Done is Fun, Maybe

Audiolytics™ Score: 68.17%

*Audiolytics™ is Oxford Road’s proprietary method of measuring ad copy across 71 data points – the most comprehensive scoring system in the market – for maximum conversion so that every media dollar achieves optimal impact.

**Due to restricted distribution of trade secrets, we cannot share all 71 sub-components but will reference select optimization levers based on the 9 Key Components of Audiolytics™: Setup, Value Proposition, Positioning, Demonstration, Substantiation, Offer, Scarcity, Path, and Execution.

Advertising Jingles. Marketers have used them for nearly 100 years because our brains are hard-wired to remember rhythmic elements (you can listen to the first radio jingle here). When done right, jingles can be a potent way to cement your brand deep into the temporal lobes of the consumer. Just try to say “Nationwide is on Your Side” without singing the song. Memorable jingles are quick, rhythmic, and reinforce your brand message. However, in the case of this week’s creative breakdown from Wayfair, we will see how a jingle can make an already-weak message even less impactful.

While the lyrics and message aren’t as clear in the “Done is Fun” spot, there are some things we like.

What Worked: 

  • Value prop – If you can get past the music, the value proposition is extremely clear. Wayfair helps you finish your decorating projects quickly, easily, and, according to the girl holding up her blocks, it’s actually fun. This is reinforced by the visual montage of users crossing things off their lists so they can enjoy the feeling of “done.” It feels so good you’ll spontaneously want to dance.
  • Demonstration – “Easy as a click and then comes quick.” This ad does a great job of showing how the process works. From customers purchasing on their phones and tablets to the delivery man dropping off the purple packages, we see the entire process. There is a sequencing issue here in that the ad begins with customers opening their packages, but while the Audiolytics™ framework takes into account the order of the message points in an ad, it is far more important that message points are PRESENT than in the right order.
  • Path – While there is no offer, the viewer knows how to take action and “bring home the feeling” by simply going to Wayfair.com. The path is reinforced with an ending title card displaying the website with a cursor, along with a 1990’s mouse click sound effect added for oomph.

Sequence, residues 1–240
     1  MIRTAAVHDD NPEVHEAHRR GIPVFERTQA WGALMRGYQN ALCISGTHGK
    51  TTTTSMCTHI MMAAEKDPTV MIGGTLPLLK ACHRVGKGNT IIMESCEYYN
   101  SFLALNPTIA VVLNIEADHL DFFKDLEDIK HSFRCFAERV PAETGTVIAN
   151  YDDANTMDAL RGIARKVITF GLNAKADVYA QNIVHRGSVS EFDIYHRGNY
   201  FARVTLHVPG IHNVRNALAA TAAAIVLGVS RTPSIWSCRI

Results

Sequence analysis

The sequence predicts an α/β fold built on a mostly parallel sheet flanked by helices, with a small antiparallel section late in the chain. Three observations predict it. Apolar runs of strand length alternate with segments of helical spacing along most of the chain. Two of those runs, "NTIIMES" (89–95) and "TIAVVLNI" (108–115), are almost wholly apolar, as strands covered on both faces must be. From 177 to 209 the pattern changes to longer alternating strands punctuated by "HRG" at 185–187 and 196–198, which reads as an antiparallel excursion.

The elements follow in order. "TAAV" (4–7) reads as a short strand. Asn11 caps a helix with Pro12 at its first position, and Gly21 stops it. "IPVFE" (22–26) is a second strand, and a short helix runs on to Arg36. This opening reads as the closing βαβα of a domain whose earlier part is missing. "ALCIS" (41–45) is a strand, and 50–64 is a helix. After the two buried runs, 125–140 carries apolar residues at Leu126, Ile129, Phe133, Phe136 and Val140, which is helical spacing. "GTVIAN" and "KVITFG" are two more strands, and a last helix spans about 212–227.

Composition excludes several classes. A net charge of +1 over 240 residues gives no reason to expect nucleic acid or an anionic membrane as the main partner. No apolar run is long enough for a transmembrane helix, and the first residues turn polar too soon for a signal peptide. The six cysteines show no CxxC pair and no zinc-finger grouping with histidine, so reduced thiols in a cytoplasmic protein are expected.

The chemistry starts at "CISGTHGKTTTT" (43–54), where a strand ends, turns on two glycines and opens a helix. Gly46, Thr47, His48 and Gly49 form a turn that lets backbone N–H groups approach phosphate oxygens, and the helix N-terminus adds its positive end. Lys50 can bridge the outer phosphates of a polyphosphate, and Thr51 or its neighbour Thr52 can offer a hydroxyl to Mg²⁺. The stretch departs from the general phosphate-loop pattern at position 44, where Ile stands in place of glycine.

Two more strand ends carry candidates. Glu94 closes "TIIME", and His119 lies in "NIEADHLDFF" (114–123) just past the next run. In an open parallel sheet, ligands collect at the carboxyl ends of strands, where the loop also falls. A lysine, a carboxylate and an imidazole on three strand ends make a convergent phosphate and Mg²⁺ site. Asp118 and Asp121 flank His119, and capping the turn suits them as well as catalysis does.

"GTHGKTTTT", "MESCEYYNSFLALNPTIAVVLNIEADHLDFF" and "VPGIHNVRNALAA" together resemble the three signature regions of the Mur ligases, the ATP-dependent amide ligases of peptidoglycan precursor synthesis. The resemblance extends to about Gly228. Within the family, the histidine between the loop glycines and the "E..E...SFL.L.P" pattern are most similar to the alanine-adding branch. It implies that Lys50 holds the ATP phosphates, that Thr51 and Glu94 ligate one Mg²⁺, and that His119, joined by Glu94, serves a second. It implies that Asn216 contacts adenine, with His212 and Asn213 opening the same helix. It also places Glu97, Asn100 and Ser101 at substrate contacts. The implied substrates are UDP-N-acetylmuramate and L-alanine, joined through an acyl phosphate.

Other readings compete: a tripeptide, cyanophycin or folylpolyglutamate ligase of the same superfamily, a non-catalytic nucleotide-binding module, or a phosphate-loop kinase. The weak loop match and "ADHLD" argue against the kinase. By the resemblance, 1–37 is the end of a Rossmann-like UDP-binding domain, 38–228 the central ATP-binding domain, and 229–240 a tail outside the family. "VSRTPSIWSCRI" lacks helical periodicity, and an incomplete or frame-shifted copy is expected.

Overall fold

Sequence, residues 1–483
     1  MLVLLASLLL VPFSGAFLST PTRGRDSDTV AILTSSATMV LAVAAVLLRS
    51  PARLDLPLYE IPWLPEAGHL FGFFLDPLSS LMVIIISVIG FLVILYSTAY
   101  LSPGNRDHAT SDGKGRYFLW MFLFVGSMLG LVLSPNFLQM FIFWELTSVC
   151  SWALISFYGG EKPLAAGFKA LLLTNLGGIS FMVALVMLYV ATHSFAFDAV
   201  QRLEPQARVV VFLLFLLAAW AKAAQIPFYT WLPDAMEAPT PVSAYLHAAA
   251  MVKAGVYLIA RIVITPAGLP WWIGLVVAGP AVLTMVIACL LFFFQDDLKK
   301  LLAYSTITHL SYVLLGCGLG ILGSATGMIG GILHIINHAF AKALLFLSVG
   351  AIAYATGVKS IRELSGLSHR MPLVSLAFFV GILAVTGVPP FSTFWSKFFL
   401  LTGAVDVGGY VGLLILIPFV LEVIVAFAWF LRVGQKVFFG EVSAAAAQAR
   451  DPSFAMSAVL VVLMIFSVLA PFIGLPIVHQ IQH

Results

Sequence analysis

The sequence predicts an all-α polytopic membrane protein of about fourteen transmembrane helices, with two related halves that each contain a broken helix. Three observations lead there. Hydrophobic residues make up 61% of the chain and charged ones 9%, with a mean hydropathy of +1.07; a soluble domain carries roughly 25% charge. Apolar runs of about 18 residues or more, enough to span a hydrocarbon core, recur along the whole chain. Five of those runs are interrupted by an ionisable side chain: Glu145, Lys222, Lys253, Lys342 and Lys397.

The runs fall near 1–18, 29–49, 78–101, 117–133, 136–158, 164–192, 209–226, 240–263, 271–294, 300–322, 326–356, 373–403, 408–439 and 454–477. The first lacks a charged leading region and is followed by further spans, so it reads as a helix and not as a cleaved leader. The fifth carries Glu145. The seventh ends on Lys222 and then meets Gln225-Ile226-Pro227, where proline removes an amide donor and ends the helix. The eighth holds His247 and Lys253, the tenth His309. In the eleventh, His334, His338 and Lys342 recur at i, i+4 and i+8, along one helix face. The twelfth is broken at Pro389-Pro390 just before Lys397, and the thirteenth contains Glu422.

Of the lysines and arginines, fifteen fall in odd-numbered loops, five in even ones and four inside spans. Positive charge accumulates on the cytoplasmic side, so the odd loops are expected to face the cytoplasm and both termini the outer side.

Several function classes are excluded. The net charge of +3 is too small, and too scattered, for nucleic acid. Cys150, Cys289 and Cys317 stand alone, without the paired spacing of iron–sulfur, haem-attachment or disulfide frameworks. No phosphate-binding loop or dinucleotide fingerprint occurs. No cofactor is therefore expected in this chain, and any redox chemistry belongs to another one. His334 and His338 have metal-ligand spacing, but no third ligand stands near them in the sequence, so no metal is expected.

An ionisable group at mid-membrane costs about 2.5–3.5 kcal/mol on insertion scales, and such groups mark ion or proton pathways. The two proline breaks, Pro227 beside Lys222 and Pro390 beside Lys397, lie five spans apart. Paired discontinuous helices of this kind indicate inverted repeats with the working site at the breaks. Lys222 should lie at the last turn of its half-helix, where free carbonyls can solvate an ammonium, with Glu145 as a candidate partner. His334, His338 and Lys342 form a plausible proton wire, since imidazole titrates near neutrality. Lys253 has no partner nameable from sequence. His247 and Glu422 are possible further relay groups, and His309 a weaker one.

Needs Improvement:

  • Setup – The spot fails to grab our attention. Remember that to get the audience’s attention, you’ve got to be more interesting than the infinite number of alternative options in the physical world or competing screens. An overhead shot of a woman walking upstairs with a package just doesn’t do the trick. In the first seconds of the ad, they establish that Wayfair will help you get the “Feeling of Done.” But they should have started by identifying the problem. How about showing the montage of where the actors started; empty rooms, outdated furniture, etc.
  • Execution – This is where the ad falls apart. A jingle should reinforce the primary brand message in a quick, rhythmic way. In this ad, Wayfair is using their “jingle” to do the heavy lifting of delivering the ad copy for the lion’s share of the ad, diluting the core message. They would have been better served by using a clean voice-over with the music bed underneath. The jingle’s hook (The feeling of done – and done – and done) could have been added to only the montage of Wayfair customers basking in their “doneness” towards the end to reinforce the value prop. Let’s also remember that millions of people are likely to see this ad with the sound off, and there is no meaningful text to get a clear sense of their value prop. It’s nice to display your name, but wouldn’t it be nice for them to know something about you while you’re at it?
  • Substantiation / Positioning / Offer / Scarcity – These are all Key Audiolytics™ components. We have 71 Sub-Components, which most people are unable to balance in a :30 commercial, but when you altogether skip 4 pillars, we’re bordering on malpractice.

If a brand decides to create a jingle, brevity is the price of clarity. The “Done is Fun” Wayfair ad would have been a lot more clear if they had simply ran a traditional VO over a sound bed. However, by attempting to be clever, they sacrificed clarity to interject something that really sounds less like a jingle and more like a terrible pop song into an already problematic ad (from an Audiolytics™ perspective). This is where advertising gets into the wrong business. A pop song is held to a higher standard of quality than a typical jingle, and the Wayfair song becomes a distraction because it’s almost appealing but falls short of what you’d expect in a “real song.” It’s better to stay within your lane or license someone else’s music (like McDonalds did with I’m Lovin’ It) than to attempt to write a song like this and fall short. Doing so suggests you’re willing to sacrifice quality, which is death to a brand – especially one like Wayfair.

Yes, humans remember things better if they’re in song form, BUT if you don’t have clear,  memorable lyrics, you would have been better off without any music at all. Only time will tell whether or not Wayfair will heed the advice of the almighty Influencer, but for now, the analysis of this ad is done, and done, and done.

 

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